Monday, 10 September 2007

Too much of a good thing?

Long ago (oh, so long ago) when I was a spotty teen, hopped up on hormones, with far too much time and far too little disposable income, I used to be creative. I thought nothing of turning a pair of jeans into a skirt, finding some fascinating and cheap scrap of material and turning it into something even more fascinating and wearable or snaffling my mum's old clothes and reshaping them into something wonderfully short and teen-ish.

That was then. Now I'm too busy, I get paid and there's a shop on every high street corner where I can buy an entire outfit for less than £50. What's the point?

This, my friends, is the beginning of the end of my creativity.

I just don't do that sort of thing anymore. I own a sewing machine but I can't remember the last time I sewed (no, wait. I can. It was 1999. A skirt. It rocked.) Or altered a dress or nipped in a waist.

Fast fashion, disposable income, work and age have stolen the playful experimentation and imagination with which I used to approach fashion and replaced it with the grasping soullessness of a shopaholic. I want all the latest looks and I want them yesterday.

I don't know exactly how I came to this realisation but I don't think I'm alone. Up and down the country there must be women who could just as easily turn a old pair of slacks into this season's shorts who, instead, just go out and buy them for a fiver at Primark.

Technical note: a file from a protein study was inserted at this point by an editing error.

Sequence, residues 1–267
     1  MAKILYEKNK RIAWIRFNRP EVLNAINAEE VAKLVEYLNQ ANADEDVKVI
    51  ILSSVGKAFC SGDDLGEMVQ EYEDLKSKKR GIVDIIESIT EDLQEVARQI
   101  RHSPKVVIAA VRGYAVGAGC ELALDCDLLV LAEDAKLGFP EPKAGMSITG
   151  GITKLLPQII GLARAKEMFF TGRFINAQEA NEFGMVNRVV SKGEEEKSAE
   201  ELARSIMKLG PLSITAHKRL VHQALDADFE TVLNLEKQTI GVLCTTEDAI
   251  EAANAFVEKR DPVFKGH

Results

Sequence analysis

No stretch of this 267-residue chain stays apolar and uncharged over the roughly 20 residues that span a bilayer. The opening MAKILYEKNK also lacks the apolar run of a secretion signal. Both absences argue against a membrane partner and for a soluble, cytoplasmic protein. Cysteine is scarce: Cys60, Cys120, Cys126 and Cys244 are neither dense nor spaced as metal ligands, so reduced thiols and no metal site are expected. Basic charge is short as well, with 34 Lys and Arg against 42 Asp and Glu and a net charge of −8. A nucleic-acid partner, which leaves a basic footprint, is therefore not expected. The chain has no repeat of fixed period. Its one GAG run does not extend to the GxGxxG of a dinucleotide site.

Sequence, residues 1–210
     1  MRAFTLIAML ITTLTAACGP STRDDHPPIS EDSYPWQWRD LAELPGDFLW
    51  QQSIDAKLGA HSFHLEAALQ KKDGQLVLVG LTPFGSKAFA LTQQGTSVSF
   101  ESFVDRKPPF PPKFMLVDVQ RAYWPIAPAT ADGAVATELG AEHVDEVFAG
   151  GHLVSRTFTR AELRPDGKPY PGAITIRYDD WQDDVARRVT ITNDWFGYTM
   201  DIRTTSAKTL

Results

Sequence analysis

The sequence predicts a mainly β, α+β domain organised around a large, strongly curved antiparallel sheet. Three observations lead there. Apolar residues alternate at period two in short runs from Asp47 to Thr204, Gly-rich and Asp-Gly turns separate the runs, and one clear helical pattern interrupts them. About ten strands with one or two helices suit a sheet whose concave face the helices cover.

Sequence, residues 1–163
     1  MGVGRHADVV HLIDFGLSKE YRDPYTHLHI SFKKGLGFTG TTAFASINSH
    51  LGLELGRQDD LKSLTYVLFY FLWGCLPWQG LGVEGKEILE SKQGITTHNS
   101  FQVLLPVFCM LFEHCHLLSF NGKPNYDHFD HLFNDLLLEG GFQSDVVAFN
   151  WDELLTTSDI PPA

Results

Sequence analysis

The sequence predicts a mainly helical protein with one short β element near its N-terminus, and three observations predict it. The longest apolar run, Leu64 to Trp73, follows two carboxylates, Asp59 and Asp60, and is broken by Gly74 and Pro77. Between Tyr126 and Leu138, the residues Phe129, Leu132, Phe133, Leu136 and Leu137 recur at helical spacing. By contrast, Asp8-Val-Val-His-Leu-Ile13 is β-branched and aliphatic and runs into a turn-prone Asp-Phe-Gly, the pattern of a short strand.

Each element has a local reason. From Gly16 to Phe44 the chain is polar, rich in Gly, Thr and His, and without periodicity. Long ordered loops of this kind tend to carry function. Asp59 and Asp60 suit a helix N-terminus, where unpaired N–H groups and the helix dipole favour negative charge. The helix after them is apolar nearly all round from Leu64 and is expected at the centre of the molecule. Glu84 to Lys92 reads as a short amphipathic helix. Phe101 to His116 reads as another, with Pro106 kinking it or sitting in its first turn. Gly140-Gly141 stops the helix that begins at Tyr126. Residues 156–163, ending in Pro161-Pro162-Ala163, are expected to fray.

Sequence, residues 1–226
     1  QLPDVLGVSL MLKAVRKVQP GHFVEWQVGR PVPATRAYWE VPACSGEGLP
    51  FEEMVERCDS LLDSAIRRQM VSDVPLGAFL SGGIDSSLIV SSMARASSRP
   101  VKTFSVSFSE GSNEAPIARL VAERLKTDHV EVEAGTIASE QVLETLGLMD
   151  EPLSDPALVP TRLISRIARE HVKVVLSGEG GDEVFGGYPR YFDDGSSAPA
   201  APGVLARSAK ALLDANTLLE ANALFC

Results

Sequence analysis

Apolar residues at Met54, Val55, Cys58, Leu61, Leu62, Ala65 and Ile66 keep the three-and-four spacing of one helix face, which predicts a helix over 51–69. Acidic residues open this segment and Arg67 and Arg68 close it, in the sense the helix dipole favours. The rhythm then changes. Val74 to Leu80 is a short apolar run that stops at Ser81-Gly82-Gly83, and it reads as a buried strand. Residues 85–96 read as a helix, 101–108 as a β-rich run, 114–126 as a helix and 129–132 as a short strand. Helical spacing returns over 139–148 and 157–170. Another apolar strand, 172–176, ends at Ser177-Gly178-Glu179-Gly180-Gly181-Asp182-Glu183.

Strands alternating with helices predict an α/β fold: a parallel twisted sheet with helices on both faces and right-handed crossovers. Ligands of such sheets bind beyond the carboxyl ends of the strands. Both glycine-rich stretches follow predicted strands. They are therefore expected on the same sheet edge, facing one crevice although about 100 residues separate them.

I'll bet that if we all spent as much time and energy creating the next big look as we did shopping for it, we'd have a lot more fun and probably a lot more money and the feted fashion designers who charge far too much for their exclusivity would be quaking in their It boots as their empires crumbled around them.

Or maybe not. Maybe not everyone is or wants to be creative that way. Maybe it's just easier to pick up a bargain on the high street, wear it once and chuck it to the back of the wardrobe than it is to actually make something. Sewing is, afterall, a pain. It's complicated and time-consuming. Sometimes it doesn't even work. Why go to all the trouble when you could spend a few hours shopping for instant style gratification?

Wouldn't it be great though, if you went out in an outfit of your own making and everyone wanted one just like it? You could tell them "It's one of a kind. I made it." I think that would totally be worth it. Maybe it's time I dusted down that sewing machine.

Antique Singer sewing machine image courtesy of The Smithsonian

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I like pretty dresses, high heels, the colour red and good writing.